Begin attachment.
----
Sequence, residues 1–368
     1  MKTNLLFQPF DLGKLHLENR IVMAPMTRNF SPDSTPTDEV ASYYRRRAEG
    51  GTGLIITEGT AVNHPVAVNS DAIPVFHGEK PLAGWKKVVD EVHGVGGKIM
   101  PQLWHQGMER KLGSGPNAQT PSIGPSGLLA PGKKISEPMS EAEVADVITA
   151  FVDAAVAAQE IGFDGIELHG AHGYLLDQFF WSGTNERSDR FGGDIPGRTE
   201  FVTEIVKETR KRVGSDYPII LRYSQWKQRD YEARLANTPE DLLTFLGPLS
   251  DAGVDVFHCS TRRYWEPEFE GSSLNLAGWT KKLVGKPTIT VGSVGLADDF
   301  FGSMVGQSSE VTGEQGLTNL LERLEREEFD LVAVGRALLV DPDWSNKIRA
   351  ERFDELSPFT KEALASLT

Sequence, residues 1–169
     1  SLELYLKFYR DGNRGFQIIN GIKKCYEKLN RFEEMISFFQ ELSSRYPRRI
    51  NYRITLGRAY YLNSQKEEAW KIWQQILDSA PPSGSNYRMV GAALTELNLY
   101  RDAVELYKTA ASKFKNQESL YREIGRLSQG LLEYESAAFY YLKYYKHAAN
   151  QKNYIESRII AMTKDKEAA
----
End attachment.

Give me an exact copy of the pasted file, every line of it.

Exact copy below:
Sequence, residues 1–368
     1  MKTNLLFQPF DLGKLHLENR IVMAPMTRNF SPDSTPTDEV ASYYRRRAEG
    51  GTGLIITEGT AVNHPVAVNS DAIPVFHGEK PLAGWKKVVD EVHGVGGKIM
   101  PQLWHQGMER KLGSGPNAQT PSIGPSGLLA PGKKISEPMS EAEVADVITA
   151  FVDAAVAAQE IGFDGIELHG AHGYLLDQFF WSGTNERSDR FGGDIPGRTE
   201  FVTEIVKETR KRVGSDYPII LRYSQWKQRD YEARLANTPE DLLTFLGPLS
   251  DAGVDVFHCS TRRYWEPEFE GSSLNLAGWT KKLVGKPTIT VGSVGLADDF
   301  FGSMVGQSSE VTGEQGLTNL LERLEREEFD LVAVGRALLV DPDWSNKIRA
   351  ERFDELSPFT KEALASLT

Sequence, residues 1–169
     1  SLELYLKFYR DGNRGFQIIN GIKKCYEKLN RFEEMISFFQ ELSSRYPRRI
    51  NYRITLGRAY YLNSQKEEAW KIWQQILDSA PPSGSNYRMV GAALTELNLY
   101  RDAVELYKTA ASKFKNQESL YREIGRLSQG LLEYESAAFY YLKYYKHAAN
   151  QKNYIESRII AMTKDKEAA